Pandemic May Be To Blame For Uptick in Septic System Failures | New Hampshire Public Radio

Pandemic May Be To Blame For Uptick in Septic System Failures

Jun 17, 2020

Vent pipe of a new septic system for a new home construction in N.H.
Credit NHPR

More septic systems in New Hampshire are failing, and the pandemic may be to blame.

The New Hampshire Department of Environmental Services says it received more replacement applications in May of this year than in May of 2019.

Those replacements can be expensive, costing anywhere between $10,000 to $30,000.

DES spokesman Jim Martin thinks more people working from home may be responsible.

“Under the situation that we’re living in today, where many, many households have their entire families staying at home much more than they ever have in the past, there’s much more stress being put on their septic systems," he says.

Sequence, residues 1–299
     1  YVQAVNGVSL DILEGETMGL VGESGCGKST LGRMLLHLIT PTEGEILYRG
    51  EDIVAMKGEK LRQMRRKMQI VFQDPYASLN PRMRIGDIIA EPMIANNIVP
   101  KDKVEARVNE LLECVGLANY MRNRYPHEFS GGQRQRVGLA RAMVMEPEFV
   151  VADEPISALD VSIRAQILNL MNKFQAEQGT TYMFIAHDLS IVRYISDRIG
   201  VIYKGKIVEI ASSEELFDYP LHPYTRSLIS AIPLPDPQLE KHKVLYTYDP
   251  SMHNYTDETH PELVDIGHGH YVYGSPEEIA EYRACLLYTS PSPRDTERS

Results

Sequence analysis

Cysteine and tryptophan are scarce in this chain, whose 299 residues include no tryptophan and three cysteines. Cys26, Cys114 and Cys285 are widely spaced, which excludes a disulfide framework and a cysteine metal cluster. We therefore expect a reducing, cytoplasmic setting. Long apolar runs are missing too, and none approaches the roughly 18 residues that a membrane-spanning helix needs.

People may also be using more antibacterial cleaners in their homes because of the coronavirus. Overuse of those products and disposing of them can be bad for septic tanks, which need healthy bacteria to work well.

Martin recommends monitoring the use of cleaning products and he’s reminding people septic tanks should be pumped every three to five years. 

There are fewer applications in general this year due to the coronavirus pandemic, and the percentage of failed application systems has increased from one third of all applications a year ago to 45% of all applications in May 2020, according to DES.

The number of failed septic systems increased last month to 250, up from 239 a year ago for May.